Q&A: What's the impact of Supreme Court upholding Affordable Care Act subsidies?

The U.S. Supreme Court upheld on Thursday, June 25, a key provision of the Affordable Care Act, or ACA, keeping health insurance coverage within reach for millions of Americans.

The case, King v. Burwell, resolves unclear language found in section 36B of the Internal Revenue Code, stating that ACA subsidies can only help individuals on insurance plan exchanges "established by the State."

Thirty-four states in the U.S. are reliant on the federal exchange for ACA enrollment of their residents. Now, with the court's 6-3 ruling, residents of those states can continue to access subsidies to help them pay for health coverage through the federal exchange.

We discussed the ruling with Heather Howard, director of the State Health Reform Assistance Network and lecturer in public affairs at Princeton University's Woodrow Wilson School of Public and International Affairs.

Question: How did this case come to be?

Howard: King v. Burwell addressed eligibility for subsidies for health insurance, in the form of tax credits, under the ACA. The ACA contains language stating that subsidies will be made available to make health coverage more affordable for residents through exchanges "established by the state." The U.S. Department of Treasury had interpreted the law to allow subsidies for enrollees on state exchanges or the federal exchange, also known as healthcare.gov. This case challenged that interpretation, claiming that the department overstepped its authority. The plaintiffs argued that if the department had hewed to the statutory language, subsidies would not be available in their home state (Virginia) and therefore, the individual mandate to maintain health insurance would not apply to them since affordable coverage would not be available.

Since the first open enrollment period under the ACA began in fall 2013, eligible residents in all states have been able to receive premium tax credits through the exchanges, including in the 34 states relying on the federal exchange. As a result, many Americans who once found health insurance coverage unaffordable have been able to gain coverage, and we have witnessed the largest declines in the national uninsured rate in four decades. This case hinged on whether the intent of Congress, in passing the law, was for subsidies to be available in all states or just those that established their own exchanges. Congressional debate on the law prior to its passage contained no reference to the possibility that states would have to establish their own exchanges in order for their residents to access subsidies.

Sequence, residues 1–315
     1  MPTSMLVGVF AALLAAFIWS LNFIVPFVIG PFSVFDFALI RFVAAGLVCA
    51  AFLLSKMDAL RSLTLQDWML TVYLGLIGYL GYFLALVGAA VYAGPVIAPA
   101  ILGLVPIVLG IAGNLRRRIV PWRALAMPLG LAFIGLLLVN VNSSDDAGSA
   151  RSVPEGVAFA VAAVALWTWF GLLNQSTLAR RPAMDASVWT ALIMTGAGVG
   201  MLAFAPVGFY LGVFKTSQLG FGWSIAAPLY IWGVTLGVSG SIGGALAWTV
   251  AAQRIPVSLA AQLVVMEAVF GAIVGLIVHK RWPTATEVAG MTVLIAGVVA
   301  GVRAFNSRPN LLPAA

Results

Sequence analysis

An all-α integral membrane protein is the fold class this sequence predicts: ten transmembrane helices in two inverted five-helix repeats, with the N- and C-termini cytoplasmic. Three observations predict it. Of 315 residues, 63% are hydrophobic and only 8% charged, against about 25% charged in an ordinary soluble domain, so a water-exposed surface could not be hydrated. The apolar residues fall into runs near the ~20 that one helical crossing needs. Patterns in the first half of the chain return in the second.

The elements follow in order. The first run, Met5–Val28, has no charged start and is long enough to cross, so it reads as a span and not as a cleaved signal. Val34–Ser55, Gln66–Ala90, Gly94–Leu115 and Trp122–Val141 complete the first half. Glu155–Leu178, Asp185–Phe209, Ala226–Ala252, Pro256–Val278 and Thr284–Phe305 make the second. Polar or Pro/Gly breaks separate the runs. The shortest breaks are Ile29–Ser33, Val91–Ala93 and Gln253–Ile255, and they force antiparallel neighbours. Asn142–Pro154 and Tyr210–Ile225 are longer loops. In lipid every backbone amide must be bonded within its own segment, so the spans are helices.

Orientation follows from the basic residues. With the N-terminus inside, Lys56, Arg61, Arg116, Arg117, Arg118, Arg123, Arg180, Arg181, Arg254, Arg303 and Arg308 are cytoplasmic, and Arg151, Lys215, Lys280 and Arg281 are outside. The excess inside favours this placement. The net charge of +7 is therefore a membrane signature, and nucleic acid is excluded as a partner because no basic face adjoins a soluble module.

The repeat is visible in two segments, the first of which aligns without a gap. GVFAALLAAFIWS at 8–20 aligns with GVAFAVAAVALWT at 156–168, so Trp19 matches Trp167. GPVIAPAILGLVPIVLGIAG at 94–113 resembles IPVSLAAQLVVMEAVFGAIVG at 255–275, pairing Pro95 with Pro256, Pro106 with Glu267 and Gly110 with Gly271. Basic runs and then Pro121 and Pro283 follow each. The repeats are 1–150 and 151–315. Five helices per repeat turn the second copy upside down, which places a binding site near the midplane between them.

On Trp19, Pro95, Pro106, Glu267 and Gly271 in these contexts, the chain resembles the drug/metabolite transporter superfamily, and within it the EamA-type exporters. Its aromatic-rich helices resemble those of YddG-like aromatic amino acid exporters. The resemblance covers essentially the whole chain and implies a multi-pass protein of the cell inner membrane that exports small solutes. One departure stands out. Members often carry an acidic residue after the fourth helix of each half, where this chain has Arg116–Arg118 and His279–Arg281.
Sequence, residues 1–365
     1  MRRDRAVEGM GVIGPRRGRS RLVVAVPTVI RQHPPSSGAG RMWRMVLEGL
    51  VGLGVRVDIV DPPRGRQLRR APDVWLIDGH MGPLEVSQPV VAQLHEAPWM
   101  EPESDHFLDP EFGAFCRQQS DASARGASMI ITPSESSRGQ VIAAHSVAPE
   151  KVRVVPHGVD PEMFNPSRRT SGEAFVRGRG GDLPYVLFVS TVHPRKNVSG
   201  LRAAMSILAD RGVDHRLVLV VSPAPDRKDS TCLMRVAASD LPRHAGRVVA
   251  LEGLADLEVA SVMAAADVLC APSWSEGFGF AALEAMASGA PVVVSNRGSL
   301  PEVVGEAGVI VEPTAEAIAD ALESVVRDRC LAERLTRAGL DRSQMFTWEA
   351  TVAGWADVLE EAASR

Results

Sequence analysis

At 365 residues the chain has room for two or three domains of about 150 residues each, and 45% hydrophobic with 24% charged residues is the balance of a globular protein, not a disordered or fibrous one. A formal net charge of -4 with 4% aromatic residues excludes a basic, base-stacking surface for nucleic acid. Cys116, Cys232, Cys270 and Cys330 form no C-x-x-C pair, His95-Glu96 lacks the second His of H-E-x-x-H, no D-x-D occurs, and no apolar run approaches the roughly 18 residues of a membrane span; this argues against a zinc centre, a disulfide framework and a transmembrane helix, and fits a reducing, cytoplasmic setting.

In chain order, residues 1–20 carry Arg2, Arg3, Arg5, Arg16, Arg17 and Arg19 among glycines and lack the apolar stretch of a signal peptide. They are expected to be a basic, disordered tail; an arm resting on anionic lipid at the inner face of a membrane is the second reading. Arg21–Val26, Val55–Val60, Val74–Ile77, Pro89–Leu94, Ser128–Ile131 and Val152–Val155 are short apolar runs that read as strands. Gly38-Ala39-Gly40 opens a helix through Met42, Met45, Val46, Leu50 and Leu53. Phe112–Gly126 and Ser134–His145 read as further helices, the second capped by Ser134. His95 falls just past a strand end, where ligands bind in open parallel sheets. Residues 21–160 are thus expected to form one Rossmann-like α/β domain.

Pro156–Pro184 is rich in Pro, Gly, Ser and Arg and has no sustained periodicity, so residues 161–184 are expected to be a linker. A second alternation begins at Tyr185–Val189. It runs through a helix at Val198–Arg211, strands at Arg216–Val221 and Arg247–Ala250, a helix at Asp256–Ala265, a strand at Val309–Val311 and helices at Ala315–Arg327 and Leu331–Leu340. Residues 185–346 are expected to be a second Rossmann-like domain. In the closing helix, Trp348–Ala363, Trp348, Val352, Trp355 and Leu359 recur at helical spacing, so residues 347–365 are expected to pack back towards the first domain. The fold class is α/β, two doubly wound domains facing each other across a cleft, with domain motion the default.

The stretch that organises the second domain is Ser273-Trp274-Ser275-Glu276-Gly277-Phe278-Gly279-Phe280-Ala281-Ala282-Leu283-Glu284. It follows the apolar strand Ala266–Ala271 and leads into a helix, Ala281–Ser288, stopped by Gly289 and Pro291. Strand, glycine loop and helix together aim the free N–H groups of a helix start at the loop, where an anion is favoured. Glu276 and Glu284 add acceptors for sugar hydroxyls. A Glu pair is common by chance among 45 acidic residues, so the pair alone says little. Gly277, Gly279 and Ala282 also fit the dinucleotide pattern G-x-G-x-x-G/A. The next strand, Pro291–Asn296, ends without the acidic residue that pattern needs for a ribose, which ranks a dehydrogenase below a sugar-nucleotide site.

Q: How did the Supreme Court rule?

Howard: In the 6-3 ruling issued by the Supreme Court, the arguments of the plaintiffs were rejected, and the court ruled that the statute meant to have subsidies available to all eligible Americans, regardless of who runs their exchange.

Legal analysts believed that the court might rule in favor of the Obama administration using Chevron deference, a decades-old principle whereby the court defers to an executive agency's interpretation of an ambiguous statute. Instead, however, the majority chose not to use Chevron because the intent of Congress was clear: enrollees in all exchanges may receive premium tax credits.

This is an even stronger ruling for the government than anticipated and means that a future president will not be able to reverse the interpretation through a different administrative interpretation. 

Q: Who is most affected by this decision?

Howard: States that have created their own health insurance exchanges were already protected from a loss of subsidies. Thirty-four states — those that did not set up their own exchanges — were susceptible to this decision, meaning that an estimated 6.4 million Americans stood to lose access to the financial assistance that helped them afford health insurance. With this decision, low- to moderate-income residents in these states will continue to have access to subsidies. Of those Americans enrolling in coverage through the federal marketplace, 87 percent receive subsidies to make this coverage affordable, and the average subsidy is $272 per month, or $3,264 per year. This helps to cover the cost of nearly three-quarters of the average premium for enrollees, many of whom were previously uninsured. Health care providers will also see this decision as a positive, as those 6.4 million will remain covered and able to access care. 

Q: What needs to be done now?

Howard: This ruling essentially continues the status quo of the ACA, and further entrenches the law as part of the fabric of the American health care system. There is still work to be done, as states continue to improve on the success that the law has seen. As we approach the upcoming third open enrollment period in the fall, the continued dissemination of best practices from leading states will be vital. In particular, exchanges have improved in the area of consumer experience, which will continue to be a priority with subsidies available to make coverage affordable for Americans across the country. Twenty-one states still have not expanded Medicaid, and insurance rates are still widely fluctuating on an annual basis. States will continue to strive for a stable and sustainable coverage system. With the national uninsured rate now around 10 percent, states can move forward in their efforts to cover the remaining uninsured, both through the expansion of Medicaid and educating consumers to the affordable coverage available through the marketplace.